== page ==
One was even so bold as to hop up on the table, and would not be driven away until Muriel had fed it.
hop up on that log side of your Cousin Whitefoot, where all can see you.
Their ballet ended, the same accords are repeated, and all hop up in the same stiff manner they hopped down.
The young bantam did hop up, and they were soon on their way to the school.
Then skip to bed a bit earlier than usual, and then hop up early to-morrow morning.
hop up the stairs there and you'll find One South dormitory.
They would not slip on smooth rock ledges, they could hop up or down bowlders like so many bipeds.
And with that I made a hop up to the glass to look at myself closer.
Every fifteen minutes I hop up to feed in some coal and prod the fires.
Then it began to hop up and down, retreating and advancing, in time to the music.
Old English hoppian "to spring, leap, dance," from Proto-Germanic *hupnojanan (cf. Old Norse hoppa, Dutch huppen, German hüpfen "to hop"). Related: Hopped; hopping.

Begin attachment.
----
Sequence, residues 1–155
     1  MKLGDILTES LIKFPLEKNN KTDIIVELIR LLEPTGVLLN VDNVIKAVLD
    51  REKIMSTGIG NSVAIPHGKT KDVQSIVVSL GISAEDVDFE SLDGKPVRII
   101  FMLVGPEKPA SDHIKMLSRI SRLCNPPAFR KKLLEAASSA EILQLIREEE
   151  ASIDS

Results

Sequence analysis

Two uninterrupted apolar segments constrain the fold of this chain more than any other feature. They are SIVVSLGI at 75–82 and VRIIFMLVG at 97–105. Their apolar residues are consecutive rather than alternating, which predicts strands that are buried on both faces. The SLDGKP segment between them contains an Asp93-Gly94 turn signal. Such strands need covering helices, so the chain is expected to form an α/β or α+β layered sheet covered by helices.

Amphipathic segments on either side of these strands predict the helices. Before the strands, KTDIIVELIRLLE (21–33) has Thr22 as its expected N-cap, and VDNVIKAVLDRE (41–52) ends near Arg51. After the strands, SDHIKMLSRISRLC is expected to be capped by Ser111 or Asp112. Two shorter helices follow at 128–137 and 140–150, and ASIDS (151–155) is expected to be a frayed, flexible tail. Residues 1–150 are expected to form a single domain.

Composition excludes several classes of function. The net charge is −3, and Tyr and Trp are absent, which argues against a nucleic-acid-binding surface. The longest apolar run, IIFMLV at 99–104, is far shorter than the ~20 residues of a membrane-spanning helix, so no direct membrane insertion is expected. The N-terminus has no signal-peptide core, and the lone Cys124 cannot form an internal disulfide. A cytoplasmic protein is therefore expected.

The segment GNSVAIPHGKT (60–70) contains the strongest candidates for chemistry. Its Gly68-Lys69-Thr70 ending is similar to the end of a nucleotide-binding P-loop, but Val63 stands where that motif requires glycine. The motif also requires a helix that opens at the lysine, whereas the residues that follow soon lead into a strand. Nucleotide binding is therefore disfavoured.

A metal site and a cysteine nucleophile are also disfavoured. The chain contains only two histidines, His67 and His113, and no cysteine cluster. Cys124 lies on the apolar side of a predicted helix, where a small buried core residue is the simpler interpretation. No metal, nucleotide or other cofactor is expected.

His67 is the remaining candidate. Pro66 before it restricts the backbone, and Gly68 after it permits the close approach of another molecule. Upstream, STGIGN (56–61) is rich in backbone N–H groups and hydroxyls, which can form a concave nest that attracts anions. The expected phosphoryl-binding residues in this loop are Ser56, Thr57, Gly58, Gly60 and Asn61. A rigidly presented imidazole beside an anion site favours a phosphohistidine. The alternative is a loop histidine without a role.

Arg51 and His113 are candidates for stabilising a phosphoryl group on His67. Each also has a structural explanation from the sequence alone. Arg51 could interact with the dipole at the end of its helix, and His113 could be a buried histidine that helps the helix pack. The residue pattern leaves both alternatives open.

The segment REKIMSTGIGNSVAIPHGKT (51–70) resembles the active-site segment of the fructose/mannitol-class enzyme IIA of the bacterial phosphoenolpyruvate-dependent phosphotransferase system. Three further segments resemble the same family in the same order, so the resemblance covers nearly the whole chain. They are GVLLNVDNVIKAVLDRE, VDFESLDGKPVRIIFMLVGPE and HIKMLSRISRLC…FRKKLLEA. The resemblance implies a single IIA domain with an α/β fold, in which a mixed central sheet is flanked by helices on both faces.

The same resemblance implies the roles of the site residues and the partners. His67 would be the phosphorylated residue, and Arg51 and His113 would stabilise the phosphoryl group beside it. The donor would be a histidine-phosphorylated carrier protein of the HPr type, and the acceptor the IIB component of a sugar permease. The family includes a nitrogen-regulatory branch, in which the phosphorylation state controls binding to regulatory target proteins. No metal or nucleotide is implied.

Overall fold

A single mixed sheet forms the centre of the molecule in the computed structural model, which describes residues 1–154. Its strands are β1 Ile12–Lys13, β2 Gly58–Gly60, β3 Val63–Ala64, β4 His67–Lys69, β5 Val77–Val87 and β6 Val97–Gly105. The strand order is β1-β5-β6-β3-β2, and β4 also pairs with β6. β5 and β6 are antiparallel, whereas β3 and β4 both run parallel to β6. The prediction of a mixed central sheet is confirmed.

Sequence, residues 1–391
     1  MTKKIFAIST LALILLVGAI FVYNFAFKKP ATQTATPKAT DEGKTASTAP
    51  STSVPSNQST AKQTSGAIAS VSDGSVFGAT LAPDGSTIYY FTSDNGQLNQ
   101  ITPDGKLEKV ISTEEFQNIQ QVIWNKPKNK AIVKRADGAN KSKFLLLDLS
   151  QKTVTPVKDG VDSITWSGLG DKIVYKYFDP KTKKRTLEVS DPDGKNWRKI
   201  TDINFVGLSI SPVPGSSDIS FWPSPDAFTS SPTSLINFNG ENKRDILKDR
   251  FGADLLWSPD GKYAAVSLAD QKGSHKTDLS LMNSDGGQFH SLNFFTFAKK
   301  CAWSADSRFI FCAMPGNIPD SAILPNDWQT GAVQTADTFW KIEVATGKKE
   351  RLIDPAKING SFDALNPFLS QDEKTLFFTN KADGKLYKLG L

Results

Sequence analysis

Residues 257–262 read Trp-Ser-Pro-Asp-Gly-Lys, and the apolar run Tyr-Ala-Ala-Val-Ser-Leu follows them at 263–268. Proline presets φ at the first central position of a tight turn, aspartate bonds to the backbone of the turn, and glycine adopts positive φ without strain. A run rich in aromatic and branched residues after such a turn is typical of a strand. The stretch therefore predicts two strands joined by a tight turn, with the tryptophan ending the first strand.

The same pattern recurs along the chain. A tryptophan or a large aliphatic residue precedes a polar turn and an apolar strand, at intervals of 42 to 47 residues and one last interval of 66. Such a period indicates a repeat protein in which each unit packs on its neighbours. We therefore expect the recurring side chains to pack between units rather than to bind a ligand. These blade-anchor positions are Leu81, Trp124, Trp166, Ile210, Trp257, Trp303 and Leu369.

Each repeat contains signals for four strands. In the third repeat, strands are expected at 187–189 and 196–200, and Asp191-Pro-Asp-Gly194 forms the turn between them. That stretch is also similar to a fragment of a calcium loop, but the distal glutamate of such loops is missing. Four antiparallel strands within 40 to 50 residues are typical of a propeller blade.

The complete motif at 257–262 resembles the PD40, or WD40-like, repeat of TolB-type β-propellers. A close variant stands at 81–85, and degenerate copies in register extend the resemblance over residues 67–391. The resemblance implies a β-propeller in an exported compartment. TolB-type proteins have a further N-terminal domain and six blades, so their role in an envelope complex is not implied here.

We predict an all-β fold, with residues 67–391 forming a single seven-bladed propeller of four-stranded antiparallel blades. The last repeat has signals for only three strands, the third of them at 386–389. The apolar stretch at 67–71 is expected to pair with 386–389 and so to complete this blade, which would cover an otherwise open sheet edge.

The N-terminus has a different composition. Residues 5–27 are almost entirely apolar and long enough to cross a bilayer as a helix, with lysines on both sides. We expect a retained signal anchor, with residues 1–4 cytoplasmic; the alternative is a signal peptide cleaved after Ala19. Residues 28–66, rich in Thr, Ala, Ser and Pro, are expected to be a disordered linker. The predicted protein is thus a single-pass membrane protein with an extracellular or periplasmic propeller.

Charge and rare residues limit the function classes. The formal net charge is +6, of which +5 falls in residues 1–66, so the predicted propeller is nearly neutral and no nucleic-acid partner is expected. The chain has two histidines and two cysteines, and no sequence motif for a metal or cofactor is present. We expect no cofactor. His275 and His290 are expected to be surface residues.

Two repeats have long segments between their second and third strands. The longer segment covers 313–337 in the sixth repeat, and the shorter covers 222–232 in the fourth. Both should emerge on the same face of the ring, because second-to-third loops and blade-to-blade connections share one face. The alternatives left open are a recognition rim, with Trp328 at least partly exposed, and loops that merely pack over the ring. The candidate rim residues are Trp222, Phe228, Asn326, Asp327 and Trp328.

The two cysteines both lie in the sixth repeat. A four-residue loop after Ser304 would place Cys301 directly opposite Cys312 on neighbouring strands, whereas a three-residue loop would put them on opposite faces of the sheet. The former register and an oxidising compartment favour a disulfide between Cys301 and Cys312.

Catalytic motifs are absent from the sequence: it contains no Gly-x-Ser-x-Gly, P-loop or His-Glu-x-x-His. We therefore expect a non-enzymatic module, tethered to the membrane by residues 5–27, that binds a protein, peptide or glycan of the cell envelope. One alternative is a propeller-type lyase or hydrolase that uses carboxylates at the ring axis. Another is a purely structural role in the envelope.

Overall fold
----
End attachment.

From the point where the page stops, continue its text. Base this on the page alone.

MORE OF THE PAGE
usually hops, type of twining vine whose cones are used in brewing, etc., mid-15c., from Middle Dutch hoppe, from Proto-Germanic *hup-nan- (cf. Old Saxon -hoppo, German Hopfen), of unknown origin.
"opium," 1887, from Cantonese nga-pin (pronounced HAH-peen) "opium," a Chinese folk etymology of the English word opium, literally "crow peelings." Re-folk-etymologized back into English by association with hop (n.1).
"a small jump," c.1500, from hop (v.). Slang sense of "informal dancing party" is from 1731 (defined by Johnson as "a place where meaner people dance"). Meaning "short flight on an aircraft" is from 1909.
: a hop fiend/ hop dream
[fr a shortening of Cantonese Chinese nga pin, pronounced HAH peen, ''opium,'' literally ''crow peelings,'' a Chinese folk etymology for English opium; in a subsequent US folk etymology this was changed to hop by assimilation with the plant used to make beer, with its suggestions of intoxication]